When he looks at the world, the president cares only about what’s in it for the United States (and, naturally, for him). That cynicism explains the president’s deafening silence on human rights violations and indeed his readiness to cozy up to strongmen and killers from Vladimir Putin to Rodrigo Duterte to Mohammed bin Salman to too many more to list. Given Trump’s authoritarian sympathies and instincts, Pompeo’s warnings about “Orwellian human rights violations” in China and “suppressed opposition voices” in Russia ring hollow.

“The central question that we face,” Pompeo asked in Brussels, “is the question of whether the system as currently configured, as it exists today—does it work? Does it work for all the people of the world?” The answer, of course, is not as well as it should, and not for nearly enough of them. But if the secretary is seeking to identify impediments to a better functioning multilateral system, he can look to his left in his next Cabinet meeting.

“Principled realism” is the label Pompeo has given Trump’s foreign policy. Alas, it betrays few principles and its connection to reality is tenuous. The president has abandoned any pursuit of universal values, and his single-minded obsession to “reassert our sovereignty” (as Pompeo characterizes it) is actually depriving the United States of joining with others to build the prosperous, secure, and sustainable world that Americans want.

“Bad actors have exploited our lack of leadership for their own gain,” the secretary of state declared in Belgium. “This is the poisoned fruit of American retreat.” How true. Pompeo’s next sentence—“President Trump is determined to reverse that”—was less persuasive.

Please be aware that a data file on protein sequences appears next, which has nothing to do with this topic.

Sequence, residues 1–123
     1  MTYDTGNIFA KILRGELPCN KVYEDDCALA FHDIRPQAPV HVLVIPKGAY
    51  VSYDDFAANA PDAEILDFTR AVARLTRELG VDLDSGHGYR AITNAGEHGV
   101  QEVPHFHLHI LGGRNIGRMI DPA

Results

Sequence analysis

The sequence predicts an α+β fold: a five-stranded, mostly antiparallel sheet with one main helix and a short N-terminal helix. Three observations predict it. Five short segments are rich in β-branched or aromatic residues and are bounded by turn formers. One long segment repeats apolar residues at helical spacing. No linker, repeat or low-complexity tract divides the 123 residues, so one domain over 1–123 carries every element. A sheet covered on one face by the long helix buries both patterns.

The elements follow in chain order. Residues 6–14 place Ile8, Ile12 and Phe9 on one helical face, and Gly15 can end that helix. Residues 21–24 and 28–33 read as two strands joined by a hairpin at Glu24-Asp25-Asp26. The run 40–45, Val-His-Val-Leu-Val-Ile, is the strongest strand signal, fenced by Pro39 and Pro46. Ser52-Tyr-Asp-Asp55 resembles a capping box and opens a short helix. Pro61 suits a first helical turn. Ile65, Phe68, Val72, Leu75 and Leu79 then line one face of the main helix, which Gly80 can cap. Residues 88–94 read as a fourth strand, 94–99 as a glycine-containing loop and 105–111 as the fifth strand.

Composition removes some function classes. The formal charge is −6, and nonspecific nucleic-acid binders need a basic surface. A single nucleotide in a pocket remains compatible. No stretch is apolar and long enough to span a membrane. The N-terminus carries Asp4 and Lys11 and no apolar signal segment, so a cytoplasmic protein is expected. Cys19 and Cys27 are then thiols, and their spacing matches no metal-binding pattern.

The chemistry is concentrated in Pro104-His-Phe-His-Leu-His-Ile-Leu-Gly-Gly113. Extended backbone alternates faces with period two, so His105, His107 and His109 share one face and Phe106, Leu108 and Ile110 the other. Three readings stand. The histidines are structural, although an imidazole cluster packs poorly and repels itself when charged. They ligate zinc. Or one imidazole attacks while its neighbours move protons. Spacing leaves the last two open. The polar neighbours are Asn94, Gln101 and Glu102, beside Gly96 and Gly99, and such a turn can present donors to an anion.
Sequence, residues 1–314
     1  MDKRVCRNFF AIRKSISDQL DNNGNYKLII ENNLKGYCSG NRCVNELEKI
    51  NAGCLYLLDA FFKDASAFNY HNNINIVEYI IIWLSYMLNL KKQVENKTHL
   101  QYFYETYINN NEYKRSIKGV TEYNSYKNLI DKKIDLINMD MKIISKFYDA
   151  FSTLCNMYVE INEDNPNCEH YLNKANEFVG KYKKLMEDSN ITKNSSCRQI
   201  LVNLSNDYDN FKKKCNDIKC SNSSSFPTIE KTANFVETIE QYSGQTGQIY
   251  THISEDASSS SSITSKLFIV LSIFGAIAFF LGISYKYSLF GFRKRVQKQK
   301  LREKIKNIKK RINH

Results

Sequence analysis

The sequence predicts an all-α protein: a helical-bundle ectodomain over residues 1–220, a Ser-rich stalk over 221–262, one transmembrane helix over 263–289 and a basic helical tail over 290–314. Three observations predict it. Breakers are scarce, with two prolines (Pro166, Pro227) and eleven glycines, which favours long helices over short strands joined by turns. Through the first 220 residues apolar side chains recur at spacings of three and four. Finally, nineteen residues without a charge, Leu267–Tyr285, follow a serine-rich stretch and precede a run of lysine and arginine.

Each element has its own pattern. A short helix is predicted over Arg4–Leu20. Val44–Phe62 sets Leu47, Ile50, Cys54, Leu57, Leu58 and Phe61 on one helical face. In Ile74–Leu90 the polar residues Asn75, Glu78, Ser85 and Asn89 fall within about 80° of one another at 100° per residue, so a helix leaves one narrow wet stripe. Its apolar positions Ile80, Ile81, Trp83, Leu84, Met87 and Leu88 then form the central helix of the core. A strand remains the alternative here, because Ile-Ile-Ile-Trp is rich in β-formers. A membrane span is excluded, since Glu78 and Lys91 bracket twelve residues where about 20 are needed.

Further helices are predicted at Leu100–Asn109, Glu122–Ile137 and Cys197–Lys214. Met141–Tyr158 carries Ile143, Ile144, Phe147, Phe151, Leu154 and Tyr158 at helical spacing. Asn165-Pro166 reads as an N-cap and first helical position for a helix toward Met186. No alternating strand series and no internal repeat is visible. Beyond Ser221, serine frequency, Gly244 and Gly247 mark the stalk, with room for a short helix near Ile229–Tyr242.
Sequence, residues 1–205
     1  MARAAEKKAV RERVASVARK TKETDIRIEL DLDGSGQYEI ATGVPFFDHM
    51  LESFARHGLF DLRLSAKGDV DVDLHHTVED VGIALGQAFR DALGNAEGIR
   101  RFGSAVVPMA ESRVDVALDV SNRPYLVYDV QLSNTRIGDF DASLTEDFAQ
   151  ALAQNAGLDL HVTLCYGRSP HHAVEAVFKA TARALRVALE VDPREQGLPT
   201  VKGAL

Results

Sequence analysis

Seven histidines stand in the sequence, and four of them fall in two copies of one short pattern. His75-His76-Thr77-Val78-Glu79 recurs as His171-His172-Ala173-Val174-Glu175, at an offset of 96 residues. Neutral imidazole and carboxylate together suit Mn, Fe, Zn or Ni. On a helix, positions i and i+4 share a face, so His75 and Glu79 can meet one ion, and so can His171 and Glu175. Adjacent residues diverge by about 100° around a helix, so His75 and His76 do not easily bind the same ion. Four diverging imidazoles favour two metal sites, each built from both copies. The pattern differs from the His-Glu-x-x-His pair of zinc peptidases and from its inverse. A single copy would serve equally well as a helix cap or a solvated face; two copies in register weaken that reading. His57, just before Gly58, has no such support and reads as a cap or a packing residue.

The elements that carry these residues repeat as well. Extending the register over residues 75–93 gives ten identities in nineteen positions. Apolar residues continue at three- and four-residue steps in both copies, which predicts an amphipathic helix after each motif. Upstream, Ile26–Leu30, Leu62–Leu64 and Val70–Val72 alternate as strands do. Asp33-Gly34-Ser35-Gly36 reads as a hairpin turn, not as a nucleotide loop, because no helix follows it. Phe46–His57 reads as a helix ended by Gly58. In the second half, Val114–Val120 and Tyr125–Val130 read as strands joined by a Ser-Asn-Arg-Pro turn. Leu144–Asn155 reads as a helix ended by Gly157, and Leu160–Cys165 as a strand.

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Russia calls on US to put a leash on Petro Poroshenko

The West’s pass for Mr. Poroshenko may blow up in NATO’s and the US’s face if the Ukrainian President tries to start a war with Russia.

Seraphim Hanisch

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Russia called on Washington not to ignore the Poroshenko directives creating an active military buildup along the Ukrainian-Donbass frontier, this buildup consisting of Ukrainian forces and right-wing ultranationalists, lest it “trigger the implementation of a bloody scenario”, according to a Dec 11 report from TASS.

The [Russian] Embassy [to the US] urges the US State Department to recognize the presence of US instructors in the zone of combat actions, who are involved in a command and staff and field training of Ukraine’s assault airborne brigades. “We expect that the US will bring to reason its proteges. Their aggressive plans are not only doomed to failure but also run counter to the statements of the administration on its commitment to resolve the conflict in eastern Ukraine by political and diplomatic means,” the statement said.

This warning came after Eduard Basurin, the deputy defense minister of the Donetsk People’s Republic noted that the Ukrainian army was massing troops and materiel for a possible large-scale offensive at the Mariupol section of the contact line in Donbass. According to Basurin, this action is expected to take place on 14 December. TASS offered more details: